People need “Peace Literacy” so they’ll learn about peace (and practice it), not only about wars

Paul K. Chappell grew up in a violent household.  He joined the U.S. Army, graduated from West Point, was deployed to Iraq, and left active duty as a Captain.  Then he turned toward peace.  He realized that people need to to become as well-trained in waging peace as soldiers are in waging war.  He created the concept of “Peace Literacy” to help people of all ages and from all backgrounds work toward their full potential and a more peaceful world.  See

Just like West Point trains soldiers and the Civil Rights Movement has conducted serious training for disciplined nonviolent organizers and activists, so also the Peace Literacy organization educates people to be as well-trained in waging peace as soldiers are in waging war.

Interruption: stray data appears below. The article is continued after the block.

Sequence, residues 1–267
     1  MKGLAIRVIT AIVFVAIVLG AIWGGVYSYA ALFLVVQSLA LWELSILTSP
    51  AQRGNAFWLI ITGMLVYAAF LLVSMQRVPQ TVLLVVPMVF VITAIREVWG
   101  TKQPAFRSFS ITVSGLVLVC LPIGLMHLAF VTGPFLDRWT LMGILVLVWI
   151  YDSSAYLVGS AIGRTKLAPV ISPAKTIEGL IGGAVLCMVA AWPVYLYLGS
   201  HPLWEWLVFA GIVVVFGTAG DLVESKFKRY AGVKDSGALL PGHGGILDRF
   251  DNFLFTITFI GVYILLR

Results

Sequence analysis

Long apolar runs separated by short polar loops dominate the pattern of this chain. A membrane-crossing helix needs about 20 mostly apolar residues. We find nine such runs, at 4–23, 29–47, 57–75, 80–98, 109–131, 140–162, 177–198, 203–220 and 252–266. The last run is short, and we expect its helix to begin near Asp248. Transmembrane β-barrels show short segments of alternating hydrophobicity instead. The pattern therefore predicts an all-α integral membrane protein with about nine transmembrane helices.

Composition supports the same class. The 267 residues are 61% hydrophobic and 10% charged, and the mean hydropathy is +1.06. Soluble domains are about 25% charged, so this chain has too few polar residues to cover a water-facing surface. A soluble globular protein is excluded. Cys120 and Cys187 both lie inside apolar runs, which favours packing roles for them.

Peace Literacy frames peace not merely as a goal, but as a practical skill-set – a literacy like reading and writing – that needs to be taught and practiced from pre-K through to higher education. Peace Literacy empowers us to create peace that is realistic, resilient, and sustainable, while helping us develop our full capacity for empathy, conscience, reason, and realistic hope.

See a smart introduction to Peace Literacy at this link:

See more information here:

Their curriculum includes resources for very young children, youths and adults:

Their website has much more information and many good resources: